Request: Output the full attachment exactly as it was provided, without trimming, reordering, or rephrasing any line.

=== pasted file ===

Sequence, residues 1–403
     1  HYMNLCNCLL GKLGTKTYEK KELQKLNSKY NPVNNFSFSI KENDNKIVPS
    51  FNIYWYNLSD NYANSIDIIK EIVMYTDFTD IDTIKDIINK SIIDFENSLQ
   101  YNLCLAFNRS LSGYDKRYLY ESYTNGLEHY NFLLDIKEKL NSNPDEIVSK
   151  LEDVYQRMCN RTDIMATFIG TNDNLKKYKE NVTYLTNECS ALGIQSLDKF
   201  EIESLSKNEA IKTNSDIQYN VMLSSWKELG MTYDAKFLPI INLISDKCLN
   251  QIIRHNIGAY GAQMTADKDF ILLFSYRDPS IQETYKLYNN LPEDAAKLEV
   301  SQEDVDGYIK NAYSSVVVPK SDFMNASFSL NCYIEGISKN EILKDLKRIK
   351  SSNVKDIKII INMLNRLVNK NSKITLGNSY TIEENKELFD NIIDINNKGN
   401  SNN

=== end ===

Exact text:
Sequence, residues 1–403
     1  HYMNLCNCLL GKLGTKTYEK KELQKLNSKY NPVNNFSFSI KENDNKIVPS
    51  FNIYWYNLSD NYANSIDIIK EIVMYTDFTD IDTIKDIINK SIIDFENSLQ
   101  YNLCLAFNRS LSGYDKRYLY ESYTNGLEHY NFLLDIKEKL NSNPDEIVSK
   151  LEDVYQRMCN RTDIMATFIG TNDNLKKYKE NVTYLTNECS ALGIQSLDKF
   201  EIESLSKNEA IKTNSDIQYN VMLSSWKELG MTYDAKFLPI INLISDKCLN
   251  QIIRHNIGAY GAQMTADKDF ILLFSYRDPS IQETYKLYNN LPEDAAKLEV
   301  SQEDVDGYIK NAYSSVVVPK SDFMNASFSL NCYIEGISKN EILKDLKRIK
   351  SSNVKDIKII INMLNRLVNK NSKITLGNSY TIEENKELFD NIIDINNKGN
   401  SNN